You can not select more than 25 topics Topics must start with a letter or number, can include dashes ('-') and can be up to 35 characters long.

65 lines
3.7 KiB

  1. 1. Design
  2. The goal of SEGMEXEC is to implement the non-executable page feature using
  3. the segmentation logic of IA-32 based CPUs.
  4. On IA-32 Linux runs in protected mode with paging enabled. This means that
  5. for every memory access (be that instruction fetch or normal data access)
  6. the CPU will perform a two step address translation. In the first step the
  7. logical address decoded from the instruction is translated into a linear
  8. (or in another terminology, virtual) address. This translation is done by
  9. the segmentation logic whose details are explained in a separate document.
  10. While Linux effectively does not use segmentation by creating 0 based and
  11. 4 GB limited segments for both code and data accesses (therefore logical
  12. addresses are the same as linear addresses), it is possible to set up
  13. segments that allow to implement non-executable pages.
  14. The basic idea is that we divide the 3 GB userland linear address space
  15. into two equal halves and use one to store mappings meant for data access
  16. (that is, we define a data segment descriptor to cover the 0-1.5 GB linear
  17. address range) and the other for storing mappings for execution (that is,
  18. we define a code segment descriptor to cover the 1.5-3 GB linear address
  19. range). Since an executable mapping can be used for data accesses as well,
  20. we will have to ensure that such mappings are visible in both segments
  21. and mirror each other. This setup will then separate data accesses from
  22. instruction fetches in the sense that they will hit different linear
  23. addresses and therefore allow for control/intervention based on the access
  24. type. In particular, if a data-only (and therefore non-executable) mapping
  25. is present only in the 0-1.5 GB linear address range, then instruction
  26. fetches to the same logical addresses will end up in the 1.5-3 GB linear
  27. address range and will raise a page fault hence allow detecting such
  28. execution attempts.
  29. 2. Implementation
  30. The core of SEGMEXEC is vma mirroring which is discussed in a separate
  31. document. The mirrors for executable file mappings are set up in do_mmap()
  32. (an inline function defined in include/linux/mm.h) except for a special
  33. case with RANDEXEC (see separate document). do_mmap() is the one common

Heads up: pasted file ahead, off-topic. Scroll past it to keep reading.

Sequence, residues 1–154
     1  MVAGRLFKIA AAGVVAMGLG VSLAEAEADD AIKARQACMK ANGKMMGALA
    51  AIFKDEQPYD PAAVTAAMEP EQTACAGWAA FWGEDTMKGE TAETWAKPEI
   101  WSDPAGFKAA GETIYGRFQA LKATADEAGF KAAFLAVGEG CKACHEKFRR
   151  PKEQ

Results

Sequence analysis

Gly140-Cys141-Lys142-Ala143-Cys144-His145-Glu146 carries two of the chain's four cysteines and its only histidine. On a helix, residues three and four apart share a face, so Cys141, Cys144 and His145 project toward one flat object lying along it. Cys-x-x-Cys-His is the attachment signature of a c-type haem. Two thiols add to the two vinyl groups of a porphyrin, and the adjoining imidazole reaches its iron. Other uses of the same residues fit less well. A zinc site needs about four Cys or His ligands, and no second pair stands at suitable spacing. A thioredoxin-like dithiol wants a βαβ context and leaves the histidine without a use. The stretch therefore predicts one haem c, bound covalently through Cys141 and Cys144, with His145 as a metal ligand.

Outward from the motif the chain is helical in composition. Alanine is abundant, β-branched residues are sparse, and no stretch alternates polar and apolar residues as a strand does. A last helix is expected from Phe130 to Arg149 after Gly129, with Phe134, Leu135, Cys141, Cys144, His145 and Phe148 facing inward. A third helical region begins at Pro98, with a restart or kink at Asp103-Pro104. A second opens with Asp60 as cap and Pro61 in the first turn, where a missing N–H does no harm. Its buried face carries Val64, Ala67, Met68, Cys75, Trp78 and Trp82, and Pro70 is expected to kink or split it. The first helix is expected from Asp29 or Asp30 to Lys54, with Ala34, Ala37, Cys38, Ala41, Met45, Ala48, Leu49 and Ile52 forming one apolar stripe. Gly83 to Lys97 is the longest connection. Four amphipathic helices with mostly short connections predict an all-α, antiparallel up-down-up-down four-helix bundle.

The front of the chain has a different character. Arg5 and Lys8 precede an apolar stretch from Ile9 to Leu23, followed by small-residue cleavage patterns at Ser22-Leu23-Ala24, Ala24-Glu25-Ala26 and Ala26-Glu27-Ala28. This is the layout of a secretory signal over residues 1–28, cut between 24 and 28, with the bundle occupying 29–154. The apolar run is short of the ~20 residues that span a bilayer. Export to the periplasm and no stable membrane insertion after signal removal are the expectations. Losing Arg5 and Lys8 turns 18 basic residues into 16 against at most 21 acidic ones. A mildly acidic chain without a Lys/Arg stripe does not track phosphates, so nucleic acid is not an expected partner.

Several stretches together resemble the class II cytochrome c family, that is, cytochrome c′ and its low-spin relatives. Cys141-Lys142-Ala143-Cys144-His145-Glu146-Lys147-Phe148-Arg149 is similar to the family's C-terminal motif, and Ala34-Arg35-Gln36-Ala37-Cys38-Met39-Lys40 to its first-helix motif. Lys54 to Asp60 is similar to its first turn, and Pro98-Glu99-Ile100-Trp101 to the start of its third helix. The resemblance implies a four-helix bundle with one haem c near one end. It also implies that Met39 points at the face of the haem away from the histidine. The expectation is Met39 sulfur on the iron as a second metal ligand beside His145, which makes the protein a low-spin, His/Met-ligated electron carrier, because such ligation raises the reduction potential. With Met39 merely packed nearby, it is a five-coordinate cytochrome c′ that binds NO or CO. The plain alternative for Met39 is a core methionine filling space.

34. function called by both userland and kernel originated mapping requests.
  35. The special code and data segment descriptors are placed into a new GDT
  36. called gdt_table2 in arch/i386/kernel/head.S. The separate GDT is needed
  37. for two reasons: first it simplifies the implementation in that the CS/SS
  38. selectors used for userland do not have to change, and second, this setup
  39. prevents a simple attack that a single GDT setup would be subject to (the
  40. retf and other instructions could be abused to break out of the restricted
  41. code segment used for SEGMEXEC tasks). Since the GDT stores the userland
  42. code/data descriptors which are different for SEGMEXEC tasks, we have
  43. to modify the low-level context switching code called __switch_to() in
  44. arch/i386/kernel/process.c and the last steps of load_elf_binary() in
  45. fs/binfmt_elf.c (where the task is first prepared to execute in userland).
  46. The GDT also has APM specific descriptors which are set up at runtime and
  47. must be propagated to the second GDT as well (in arch/i386/kernel/apm.c).
  48. Finally the GDT stores also the per CPU TSS and LDT descriptors whose
  49. content must be synchronized between the two GDTs (in set_tss_desc() and
  50. set_ldt_desc() in arch/i386/kernel/traps.c).
  51. Since the kernel allows userland to define its own code segment descriptors
  52. in the LDT, we have to disallow it since it could be used to break out of
  53. the SEGMEXEC specific restricted code segment (the extra checks are in
  54. write_ldt() in arch/i386/kernel/ldt.c).